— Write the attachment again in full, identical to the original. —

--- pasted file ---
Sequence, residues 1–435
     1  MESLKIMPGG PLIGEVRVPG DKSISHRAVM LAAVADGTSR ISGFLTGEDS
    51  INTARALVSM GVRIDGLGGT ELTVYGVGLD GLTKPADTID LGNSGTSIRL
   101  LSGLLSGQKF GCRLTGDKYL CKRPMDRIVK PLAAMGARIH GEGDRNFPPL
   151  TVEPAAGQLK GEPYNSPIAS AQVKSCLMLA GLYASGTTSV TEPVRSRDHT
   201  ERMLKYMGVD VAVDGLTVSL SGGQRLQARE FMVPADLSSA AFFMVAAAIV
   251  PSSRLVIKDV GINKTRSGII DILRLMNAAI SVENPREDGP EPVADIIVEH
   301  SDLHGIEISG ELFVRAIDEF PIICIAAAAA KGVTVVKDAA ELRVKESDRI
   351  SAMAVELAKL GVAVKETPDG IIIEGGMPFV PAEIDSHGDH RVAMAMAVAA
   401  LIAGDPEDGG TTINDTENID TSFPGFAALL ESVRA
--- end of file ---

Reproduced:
Sequence, residues 1–435
     1  MESLKIMPGG PLIGEVRVPG DKSISHRAVM LAAVADGTSR ISGFLTGEDS
    51  INTARALVSM GVRIDGLGGT ELTVYGVGLD GLTKPADTID LGNSGTSIRL
   101  LSGLLSGQKF GCRLTGDKYL CKRPMDRIVK PLAAMGARIH GEGDRNFPPL
   151  TVEPAAGQLK GEPYNSPIAS AQVKSCLMLA GLYASGTTSV TEPVRSRDHT
   201  ERMLKYMGVD VAVDGLTVSL SGGQRLQARE FMVPADLSSA AFFMVAAAIV
   251  PSSRLVIKDV GINKTRSGII DILRLMNAAI SVENPREDGP EPVADIIVEH
   301  SDLHGIEISG ELFVRAIDEF PIICIAAAAA KGVTVVKDAA ELRVKESDRI
   351  SAMAVELAKL GVAVKETPDG IIIEGGMPFV PAEIDSHGDH RVAMAMAVAA
   401  LIAGDPEDGG TTINDTENID TSFPGFAALL ESVRA